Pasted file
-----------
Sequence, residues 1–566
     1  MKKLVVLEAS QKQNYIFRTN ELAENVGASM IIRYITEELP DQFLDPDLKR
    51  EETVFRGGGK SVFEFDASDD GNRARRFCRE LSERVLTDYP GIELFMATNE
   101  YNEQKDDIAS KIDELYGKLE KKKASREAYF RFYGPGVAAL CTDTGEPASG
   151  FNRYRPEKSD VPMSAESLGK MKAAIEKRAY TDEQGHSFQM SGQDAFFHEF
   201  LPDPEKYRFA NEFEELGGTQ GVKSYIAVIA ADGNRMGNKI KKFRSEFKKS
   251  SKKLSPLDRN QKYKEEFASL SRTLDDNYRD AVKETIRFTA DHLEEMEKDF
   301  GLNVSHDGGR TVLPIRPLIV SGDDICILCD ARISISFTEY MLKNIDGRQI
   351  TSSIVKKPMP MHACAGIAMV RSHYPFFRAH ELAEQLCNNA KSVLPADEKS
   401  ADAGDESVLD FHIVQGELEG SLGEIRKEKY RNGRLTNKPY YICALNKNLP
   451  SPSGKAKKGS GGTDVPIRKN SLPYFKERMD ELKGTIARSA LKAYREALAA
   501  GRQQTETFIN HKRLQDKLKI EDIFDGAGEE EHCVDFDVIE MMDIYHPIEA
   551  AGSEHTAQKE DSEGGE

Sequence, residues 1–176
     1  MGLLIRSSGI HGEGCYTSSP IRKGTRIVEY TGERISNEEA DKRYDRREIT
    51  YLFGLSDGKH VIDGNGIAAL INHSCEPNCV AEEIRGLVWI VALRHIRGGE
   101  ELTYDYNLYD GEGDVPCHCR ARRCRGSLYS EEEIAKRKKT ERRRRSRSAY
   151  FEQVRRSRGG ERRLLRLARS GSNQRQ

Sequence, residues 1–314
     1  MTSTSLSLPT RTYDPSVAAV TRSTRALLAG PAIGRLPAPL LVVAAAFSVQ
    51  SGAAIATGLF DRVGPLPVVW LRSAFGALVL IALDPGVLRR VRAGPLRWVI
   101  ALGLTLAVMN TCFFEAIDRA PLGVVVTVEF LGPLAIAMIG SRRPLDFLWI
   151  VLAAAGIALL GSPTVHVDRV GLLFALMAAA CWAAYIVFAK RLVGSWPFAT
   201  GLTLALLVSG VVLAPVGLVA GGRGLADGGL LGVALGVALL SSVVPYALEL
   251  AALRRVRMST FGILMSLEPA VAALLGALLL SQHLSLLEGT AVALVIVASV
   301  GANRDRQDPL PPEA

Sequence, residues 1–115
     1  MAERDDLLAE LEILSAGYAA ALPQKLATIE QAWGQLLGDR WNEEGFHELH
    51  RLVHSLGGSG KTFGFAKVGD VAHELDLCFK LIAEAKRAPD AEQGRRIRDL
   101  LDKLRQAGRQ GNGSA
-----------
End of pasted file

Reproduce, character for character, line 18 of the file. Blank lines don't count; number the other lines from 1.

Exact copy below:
   151  FEQVRRSRGG ERRLLRLARS GSNQRQ